Thinking Critically

18 Nov

As an aspiring-doula, I know I’m lumped together with the “crunchy granola” approach to pregnancy, birth and parenting.  This doesn’t necessarily have to be true.  I can be a woman’s advocate and believe in holistic, alternative measures for pain-relief without blindly accepting what I learn in ONE weekend of training or ONE book.  If I want to serve other women, I have to check my bias at the door, I have to be familiar with the science and biology behind the processes, I should understand the studies done on different treatments, different circumstances.  I want to be an open vessel that will be open to accepting different belief systems and different viewpoints.  I want to be a river that can change course and adapt to different circumstances that arrive..  I want to be a marble column for the women I work with and their families to lean on.

Okay, I’m getting a  little fluffy.  But what I said is true – for me at least.  This is why I want to study Sociology with a focus on service and continue to volunteer until a time when I can take on doula-ing as my full-time profession.

The reason I’m even bringing this up is because I read a lot of blogs these days related to pregnancy and childbirth.  Some are more emotionally focused, some are more about the alternatives to the medical-model, some focus on studies that support the work a doula does,  and ONE is by an ob/gyn who is VERY critical of natural childbirth – particularly unassisted – and other “crunchy” approaches and viewpoints.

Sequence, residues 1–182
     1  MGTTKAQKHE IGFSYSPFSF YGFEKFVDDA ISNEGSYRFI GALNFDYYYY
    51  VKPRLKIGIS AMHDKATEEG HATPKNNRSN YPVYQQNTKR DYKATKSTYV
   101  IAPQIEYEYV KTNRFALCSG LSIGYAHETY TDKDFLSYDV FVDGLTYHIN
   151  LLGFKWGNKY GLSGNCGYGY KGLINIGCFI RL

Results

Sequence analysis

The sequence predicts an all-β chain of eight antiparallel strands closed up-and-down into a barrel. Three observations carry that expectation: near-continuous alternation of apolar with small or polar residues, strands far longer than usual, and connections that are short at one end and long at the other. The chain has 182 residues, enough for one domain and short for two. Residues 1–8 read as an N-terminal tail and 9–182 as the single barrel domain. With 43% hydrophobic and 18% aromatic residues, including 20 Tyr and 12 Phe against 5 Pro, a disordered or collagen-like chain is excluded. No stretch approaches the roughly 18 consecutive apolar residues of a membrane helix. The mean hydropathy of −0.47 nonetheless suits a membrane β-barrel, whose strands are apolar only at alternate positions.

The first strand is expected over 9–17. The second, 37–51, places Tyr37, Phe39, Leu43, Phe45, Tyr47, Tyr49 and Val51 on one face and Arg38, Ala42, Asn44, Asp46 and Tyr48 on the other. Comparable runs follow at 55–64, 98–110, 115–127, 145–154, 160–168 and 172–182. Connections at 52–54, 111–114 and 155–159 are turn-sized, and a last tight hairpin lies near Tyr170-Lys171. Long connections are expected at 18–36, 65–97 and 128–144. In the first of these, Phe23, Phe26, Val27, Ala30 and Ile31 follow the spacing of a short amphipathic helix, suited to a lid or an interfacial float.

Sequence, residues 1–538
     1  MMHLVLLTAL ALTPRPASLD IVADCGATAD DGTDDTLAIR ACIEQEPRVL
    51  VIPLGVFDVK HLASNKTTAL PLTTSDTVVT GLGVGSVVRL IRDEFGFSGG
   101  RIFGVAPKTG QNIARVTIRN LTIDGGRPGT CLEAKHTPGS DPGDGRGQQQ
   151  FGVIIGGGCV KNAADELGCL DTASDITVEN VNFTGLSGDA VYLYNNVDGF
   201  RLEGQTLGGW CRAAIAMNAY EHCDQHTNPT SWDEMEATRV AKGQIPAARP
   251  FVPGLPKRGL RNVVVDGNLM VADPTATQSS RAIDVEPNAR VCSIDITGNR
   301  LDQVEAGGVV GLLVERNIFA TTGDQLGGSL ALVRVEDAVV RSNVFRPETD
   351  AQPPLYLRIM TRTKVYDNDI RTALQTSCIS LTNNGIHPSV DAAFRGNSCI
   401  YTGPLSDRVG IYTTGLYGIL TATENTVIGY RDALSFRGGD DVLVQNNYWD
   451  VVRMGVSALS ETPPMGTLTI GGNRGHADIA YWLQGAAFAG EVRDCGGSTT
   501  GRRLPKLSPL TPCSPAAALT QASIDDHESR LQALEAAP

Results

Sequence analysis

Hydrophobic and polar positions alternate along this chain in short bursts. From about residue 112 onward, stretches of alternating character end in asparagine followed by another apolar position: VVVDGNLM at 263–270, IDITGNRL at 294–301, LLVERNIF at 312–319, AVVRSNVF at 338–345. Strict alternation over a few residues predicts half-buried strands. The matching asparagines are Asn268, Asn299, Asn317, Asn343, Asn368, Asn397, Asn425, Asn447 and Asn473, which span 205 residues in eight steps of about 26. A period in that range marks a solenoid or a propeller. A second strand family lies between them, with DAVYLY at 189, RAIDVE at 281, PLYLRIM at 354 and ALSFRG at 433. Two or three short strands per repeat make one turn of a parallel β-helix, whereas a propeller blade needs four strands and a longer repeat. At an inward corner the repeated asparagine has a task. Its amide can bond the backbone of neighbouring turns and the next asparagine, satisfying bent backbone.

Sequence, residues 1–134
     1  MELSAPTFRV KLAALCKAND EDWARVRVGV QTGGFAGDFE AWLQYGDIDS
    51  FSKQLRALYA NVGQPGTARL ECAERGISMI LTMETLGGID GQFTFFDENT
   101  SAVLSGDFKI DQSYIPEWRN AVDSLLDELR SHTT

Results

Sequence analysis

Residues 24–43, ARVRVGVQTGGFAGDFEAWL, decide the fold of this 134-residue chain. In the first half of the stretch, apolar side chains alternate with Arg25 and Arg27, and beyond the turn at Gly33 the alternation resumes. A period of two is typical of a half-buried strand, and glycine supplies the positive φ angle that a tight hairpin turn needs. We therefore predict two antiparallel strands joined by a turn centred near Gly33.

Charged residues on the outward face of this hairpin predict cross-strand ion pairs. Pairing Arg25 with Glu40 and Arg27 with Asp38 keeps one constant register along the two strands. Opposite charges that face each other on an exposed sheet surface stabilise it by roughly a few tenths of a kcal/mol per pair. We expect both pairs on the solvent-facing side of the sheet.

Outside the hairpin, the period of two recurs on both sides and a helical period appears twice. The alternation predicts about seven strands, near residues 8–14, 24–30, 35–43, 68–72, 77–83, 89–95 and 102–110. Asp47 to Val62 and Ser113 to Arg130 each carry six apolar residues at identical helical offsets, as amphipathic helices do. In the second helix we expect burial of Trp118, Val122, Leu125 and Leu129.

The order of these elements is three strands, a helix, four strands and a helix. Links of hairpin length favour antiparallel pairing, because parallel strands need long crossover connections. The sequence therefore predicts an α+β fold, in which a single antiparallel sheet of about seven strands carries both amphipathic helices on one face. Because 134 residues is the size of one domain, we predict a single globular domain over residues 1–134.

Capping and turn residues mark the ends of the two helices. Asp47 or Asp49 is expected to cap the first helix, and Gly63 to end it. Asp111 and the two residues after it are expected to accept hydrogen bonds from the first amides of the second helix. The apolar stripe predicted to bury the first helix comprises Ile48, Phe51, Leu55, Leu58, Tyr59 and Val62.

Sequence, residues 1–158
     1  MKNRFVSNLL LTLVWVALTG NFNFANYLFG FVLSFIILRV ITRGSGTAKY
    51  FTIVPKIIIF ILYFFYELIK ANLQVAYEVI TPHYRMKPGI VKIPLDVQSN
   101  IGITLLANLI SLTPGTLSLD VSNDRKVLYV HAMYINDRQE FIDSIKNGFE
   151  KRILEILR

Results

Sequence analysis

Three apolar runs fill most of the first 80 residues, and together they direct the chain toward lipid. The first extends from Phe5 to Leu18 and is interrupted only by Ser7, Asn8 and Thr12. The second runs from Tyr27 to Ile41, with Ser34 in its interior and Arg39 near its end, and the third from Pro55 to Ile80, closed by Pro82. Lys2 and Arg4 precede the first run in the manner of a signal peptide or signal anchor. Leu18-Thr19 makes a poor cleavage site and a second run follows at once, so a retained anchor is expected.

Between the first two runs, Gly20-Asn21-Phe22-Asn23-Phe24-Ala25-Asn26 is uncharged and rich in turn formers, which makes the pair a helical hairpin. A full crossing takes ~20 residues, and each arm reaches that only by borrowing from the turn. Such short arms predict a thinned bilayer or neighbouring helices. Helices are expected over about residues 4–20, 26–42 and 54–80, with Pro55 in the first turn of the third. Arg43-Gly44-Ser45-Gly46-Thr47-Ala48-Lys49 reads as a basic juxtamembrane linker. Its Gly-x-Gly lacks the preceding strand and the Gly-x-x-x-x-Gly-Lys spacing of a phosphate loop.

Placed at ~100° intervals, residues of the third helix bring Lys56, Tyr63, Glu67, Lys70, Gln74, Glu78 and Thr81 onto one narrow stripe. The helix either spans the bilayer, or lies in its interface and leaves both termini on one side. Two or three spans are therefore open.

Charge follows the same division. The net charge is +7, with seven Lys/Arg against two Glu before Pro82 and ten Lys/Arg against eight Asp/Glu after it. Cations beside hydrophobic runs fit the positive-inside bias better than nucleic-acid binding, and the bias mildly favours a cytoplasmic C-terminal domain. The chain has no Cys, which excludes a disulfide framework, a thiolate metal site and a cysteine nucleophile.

Her blog is The Skeptical OB (http://skepticalob.blogspot.com/).  Her name is Amy Tuteur, she’s apparently a practicing OB and she published a book in the early 90s on pregnancy and childbirth – it is NOT on my list of books to read.  I don’t like her.  I hate that she’s often demeaning of women who choose not to turn to analgesics in labor and of doulas.  I hate that she attacks the people behind certain movements before she will argue why she believes they are wrong.  But  it’s important to me to see the other side of the issue.  Even if she makes me angry.  When the blogger is being particularly ugly in my eyes, I just remind myself that there are doctors who feel the way she does and I will have to be ready to deal with them… Or I just click the little red x in the right hand corner (why yes, I’m a PC) and I think on the subject myself.  Unfortunately there aren’t any other NCB-critial blogs that I can find that update regularly.

So before I leave you today, here’s another blog that encourages others to be critical of what they hear/read about childbirth:  Lamaze International’s Science & Sensibility (http://www.scienceandsensibility.org/).  In the last 7 days they have published blog articles on understanding meta-analyses and on how root-cause analyses help some hospitals understand what led to maternal deaths.  Their new community manager, Kimmelin Hull, is a Physician Assistant and Lamaze-certified Childbirth Educator.  The blog’s goal is “to provide professional, evidence-based articles and discussion about topics relating to pregnancy, birth and early parenting.”  Lamaze International has an agenda, just like any other blog, but I don’t see the ad hominem attacks like I read in some blogs, just research-supported blogging.  I like it!

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